2017 Gauntlet Participant: Dennis Preston

 

I hope you are inspired, entertained, maybe even motivated to take a look at your own life, and the path you are taking, as well as the choices you are making.

 

You

Thought about you today.

I suppose it’s because I dreamed

about you last night.  Nothing different:

drama and chaos.  You came in

like a whirlwind, and left

the same way.  The damage done

in between was devastating.  

I shouldn’t blame you though.

I’ve always been fascinated

with storms.

_______________________________________________________________________________

Dennis J. Preston lives in Owensboro, Kentucky.  Retired from teaching, he is pastor of The Mt. Zion Cumberland Presbyterian Church.  He received his doctorate from Louisville Presbyterian Theological Seminary, and enjoys reading, writing, traveling, and spending time with his family.  He has published poems in Trajectory, This Wretched Vessel, & Grace, The Messenger of Sudden Thunder, as well as three books of poetry: In the Ash Heap: Poems From the Book of Job, The Tree of Days, and Prayer at First Light.    

 

2017 Gauntlet Participant: Doug Self

 

God Washed Up

Her body is not so white as anemone petals nor so smooth—Nor so remote a thing–that a man should forget there is no beach without water and sand—nor is there life without water and a notion.

Keep breathing under the ocean, the salt will help you float like the Dead Sea—

Her body is not so white anymore,

                 pallid,

                             moist,

                                          and rubbery.

A recently beached whale bloated into blubbery.

 

She sings of only blood or love

while inhaling shell shards and glass, face

down

 

as the death rattles break on the shore behind,

momentarily submerging her feet,

leaving strands of seaweed

between her toes.

 

Epilogue:

The little boys on the beach circle around,

plastic shovels and pails in hand,

refusing to bury her.

_______________________________________________________________________________

Doug Self is a poet.

2017 Gauntlet Participant: Hannah LeGris

 

 

***

what if I can’t get out of bed

what if I can’t stop sliding my tongue against yours

what if I just want to live off the taste of your mouth

what if I’m still kissing you and I’ve forgotten how to write poetry because all my poems were about being frustrated and unhappy and I’m not that

what if you said all you need to do is push the pen across the paper but I don’t write on paper unless I’m making lists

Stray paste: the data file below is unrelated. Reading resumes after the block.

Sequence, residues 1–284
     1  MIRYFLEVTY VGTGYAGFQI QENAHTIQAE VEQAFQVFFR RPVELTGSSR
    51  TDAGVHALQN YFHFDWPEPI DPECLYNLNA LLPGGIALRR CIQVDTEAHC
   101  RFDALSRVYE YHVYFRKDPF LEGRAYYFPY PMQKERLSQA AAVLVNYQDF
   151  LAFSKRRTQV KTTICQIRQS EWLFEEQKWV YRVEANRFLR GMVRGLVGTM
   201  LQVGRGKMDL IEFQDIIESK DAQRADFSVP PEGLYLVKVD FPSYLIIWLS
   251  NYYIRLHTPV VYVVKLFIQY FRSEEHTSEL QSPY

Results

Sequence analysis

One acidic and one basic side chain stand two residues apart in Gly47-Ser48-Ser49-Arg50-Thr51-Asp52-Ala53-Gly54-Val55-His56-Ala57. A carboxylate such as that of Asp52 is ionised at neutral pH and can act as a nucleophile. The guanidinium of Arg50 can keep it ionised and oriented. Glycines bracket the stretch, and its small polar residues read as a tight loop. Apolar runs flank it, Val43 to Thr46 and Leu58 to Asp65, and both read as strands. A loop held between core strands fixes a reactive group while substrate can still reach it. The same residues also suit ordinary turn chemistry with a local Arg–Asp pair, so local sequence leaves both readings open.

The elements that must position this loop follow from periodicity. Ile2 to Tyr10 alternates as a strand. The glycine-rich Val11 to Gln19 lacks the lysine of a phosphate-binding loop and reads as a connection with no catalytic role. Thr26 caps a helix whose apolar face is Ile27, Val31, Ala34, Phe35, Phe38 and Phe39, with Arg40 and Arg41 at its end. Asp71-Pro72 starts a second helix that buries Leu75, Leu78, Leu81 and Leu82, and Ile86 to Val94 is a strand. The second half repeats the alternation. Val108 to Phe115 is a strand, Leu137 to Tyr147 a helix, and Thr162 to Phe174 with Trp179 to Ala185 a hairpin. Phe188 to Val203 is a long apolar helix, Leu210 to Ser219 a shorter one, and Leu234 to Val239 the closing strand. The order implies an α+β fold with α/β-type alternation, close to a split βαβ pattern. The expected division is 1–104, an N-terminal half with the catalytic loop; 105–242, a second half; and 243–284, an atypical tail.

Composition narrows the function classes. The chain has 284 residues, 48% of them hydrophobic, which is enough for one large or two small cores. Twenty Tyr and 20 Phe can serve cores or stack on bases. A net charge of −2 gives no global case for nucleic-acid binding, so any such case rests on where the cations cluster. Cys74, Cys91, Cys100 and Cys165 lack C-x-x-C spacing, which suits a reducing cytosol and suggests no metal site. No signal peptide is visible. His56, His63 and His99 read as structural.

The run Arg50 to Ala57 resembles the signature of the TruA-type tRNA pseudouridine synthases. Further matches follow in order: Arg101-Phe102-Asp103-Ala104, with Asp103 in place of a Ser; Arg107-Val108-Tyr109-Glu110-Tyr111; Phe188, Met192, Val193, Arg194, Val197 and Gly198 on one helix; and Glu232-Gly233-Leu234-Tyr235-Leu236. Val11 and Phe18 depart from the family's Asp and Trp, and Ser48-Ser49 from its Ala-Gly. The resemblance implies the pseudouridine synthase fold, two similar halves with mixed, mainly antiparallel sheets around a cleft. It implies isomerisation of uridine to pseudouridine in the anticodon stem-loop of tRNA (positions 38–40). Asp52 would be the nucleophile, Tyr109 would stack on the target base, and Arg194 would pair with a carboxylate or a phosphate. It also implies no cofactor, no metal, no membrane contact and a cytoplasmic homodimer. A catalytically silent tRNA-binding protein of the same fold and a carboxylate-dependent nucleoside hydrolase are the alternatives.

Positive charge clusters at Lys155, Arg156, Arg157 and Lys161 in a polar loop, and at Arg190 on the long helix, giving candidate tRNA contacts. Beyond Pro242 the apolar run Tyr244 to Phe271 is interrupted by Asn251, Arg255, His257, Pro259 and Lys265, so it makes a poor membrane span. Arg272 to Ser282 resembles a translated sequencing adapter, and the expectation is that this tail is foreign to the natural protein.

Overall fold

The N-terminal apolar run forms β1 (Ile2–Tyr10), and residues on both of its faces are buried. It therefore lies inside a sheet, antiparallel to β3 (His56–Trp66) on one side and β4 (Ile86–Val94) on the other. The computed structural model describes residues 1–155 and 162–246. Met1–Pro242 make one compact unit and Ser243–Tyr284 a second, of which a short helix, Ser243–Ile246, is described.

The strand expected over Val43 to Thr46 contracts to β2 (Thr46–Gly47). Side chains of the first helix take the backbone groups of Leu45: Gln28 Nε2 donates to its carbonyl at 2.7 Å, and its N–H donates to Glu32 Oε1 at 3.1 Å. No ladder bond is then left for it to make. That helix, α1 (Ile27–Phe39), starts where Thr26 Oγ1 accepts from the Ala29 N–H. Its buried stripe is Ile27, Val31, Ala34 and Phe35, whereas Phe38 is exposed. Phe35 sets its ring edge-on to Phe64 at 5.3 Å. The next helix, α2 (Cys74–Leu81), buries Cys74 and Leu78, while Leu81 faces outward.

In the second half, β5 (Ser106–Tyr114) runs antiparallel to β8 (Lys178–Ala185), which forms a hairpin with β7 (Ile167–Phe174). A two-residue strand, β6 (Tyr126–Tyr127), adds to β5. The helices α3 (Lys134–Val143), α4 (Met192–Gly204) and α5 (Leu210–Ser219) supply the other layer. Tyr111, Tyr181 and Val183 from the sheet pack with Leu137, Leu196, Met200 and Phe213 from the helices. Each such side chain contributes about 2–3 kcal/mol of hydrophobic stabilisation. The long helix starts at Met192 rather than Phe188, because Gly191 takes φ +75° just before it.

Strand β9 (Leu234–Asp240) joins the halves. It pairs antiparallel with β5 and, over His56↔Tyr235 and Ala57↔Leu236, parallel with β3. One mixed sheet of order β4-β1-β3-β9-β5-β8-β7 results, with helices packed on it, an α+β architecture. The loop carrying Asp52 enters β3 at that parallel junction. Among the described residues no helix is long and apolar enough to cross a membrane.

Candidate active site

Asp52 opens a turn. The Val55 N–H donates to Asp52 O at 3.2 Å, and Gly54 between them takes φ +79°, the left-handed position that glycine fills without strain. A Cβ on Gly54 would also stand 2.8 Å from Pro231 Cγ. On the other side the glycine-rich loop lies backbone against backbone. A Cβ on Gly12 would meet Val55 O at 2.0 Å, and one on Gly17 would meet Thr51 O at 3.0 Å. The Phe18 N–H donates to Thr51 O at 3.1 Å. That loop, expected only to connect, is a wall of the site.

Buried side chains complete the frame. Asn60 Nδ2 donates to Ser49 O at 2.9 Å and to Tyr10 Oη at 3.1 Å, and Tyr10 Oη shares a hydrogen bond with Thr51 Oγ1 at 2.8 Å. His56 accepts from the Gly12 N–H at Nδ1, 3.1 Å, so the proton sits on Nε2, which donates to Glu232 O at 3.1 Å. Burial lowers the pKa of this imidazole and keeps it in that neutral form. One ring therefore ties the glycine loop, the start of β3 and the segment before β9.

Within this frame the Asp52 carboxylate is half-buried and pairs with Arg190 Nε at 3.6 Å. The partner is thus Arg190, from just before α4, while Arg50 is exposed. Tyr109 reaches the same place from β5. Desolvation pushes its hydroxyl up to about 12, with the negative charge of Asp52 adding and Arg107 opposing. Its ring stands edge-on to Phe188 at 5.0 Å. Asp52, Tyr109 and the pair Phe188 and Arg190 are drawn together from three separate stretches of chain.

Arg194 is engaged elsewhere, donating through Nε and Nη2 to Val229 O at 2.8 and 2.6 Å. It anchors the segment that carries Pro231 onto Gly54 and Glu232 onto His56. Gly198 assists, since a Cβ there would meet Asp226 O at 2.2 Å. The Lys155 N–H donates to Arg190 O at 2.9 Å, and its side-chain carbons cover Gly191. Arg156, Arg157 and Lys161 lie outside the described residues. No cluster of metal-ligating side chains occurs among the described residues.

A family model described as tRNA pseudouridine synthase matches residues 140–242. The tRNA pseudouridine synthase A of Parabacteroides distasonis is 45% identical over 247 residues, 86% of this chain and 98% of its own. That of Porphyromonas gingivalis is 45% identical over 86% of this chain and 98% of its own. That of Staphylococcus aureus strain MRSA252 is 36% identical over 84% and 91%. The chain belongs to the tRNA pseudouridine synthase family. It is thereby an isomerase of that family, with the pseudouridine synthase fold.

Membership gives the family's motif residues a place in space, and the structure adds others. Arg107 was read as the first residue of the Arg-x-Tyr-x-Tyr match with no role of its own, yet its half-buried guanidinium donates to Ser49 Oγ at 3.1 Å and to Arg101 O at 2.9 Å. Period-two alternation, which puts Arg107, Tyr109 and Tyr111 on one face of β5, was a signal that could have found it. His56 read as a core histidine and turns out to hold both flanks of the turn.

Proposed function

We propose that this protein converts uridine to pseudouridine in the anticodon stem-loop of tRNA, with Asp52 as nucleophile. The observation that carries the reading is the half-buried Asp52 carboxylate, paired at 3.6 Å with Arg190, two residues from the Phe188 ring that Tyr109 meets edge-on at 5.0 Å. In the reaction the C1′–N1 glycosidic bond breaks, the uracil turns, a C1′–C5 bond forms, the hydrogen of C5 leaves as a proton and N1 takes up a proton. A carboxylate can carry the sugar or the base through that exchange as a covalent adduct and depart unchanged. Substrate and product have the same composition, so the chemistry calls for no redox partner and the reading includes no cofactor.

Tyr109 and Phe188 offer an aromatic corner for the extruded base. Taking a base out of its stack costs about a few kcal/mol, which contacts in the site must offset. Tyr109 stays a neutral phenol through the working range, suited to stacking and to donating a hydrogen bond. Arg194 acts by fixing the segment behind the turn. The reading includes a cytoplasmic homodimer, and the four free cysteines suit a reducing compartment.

what if all my lists are fragments of conversations I had planned to make into a poem

what if all my conversations are with you and I’m too busy paying attention to what you’re saying to write any of it down

what if I’m too distracted listening to ladies and gentleman we are floating in space

what if I’m leaving in a week and what if your flight doesn’t arrive

what I have to drive to atlanta and tell my lover I’m in love with you

what if I am accidentally boastful and foolish because love makes you irrational

what if I can’t be any other way  

what if he is surprised and hurt but would never tell me

what if he tells me years later and I feel like an asshole  

what if he is wearing those tight jeans from japan

what if he and I drink cocktails and eat steamed fish and ride our bikes and popsicles drip down our hands and the handlebars get sticky in the heat and strangers’ dogs lick them clean what if he turns on the lights strung around his tiki bar

what if he carefully makes me a drink that I’ve never had before

what if we split it  

what if the cocktail is the perfect amount of sweet

what if there’s a part of me that misses how easy it was to be angry at him

what if I secretly write down all of our conversations and make poetry out of them

what if I leave and nothing and everything has changed and I don’t care

what if the body really does heal itself

what if time is all it really takes

what if I meet you in austin it is too hot to sleep in the desert

what if we refuse to turn on the air conditioner and our bodies stick together  

what if my skin burns against yours

what if you slide your teeth along my nipples and I taste like the salt blocks our horses swept their tongues across in the pasture

what if they licked that salt because they needed it to stay alive

what if desire is a hungry thing

what if heartbreak has its place

_______________________________________________________________________________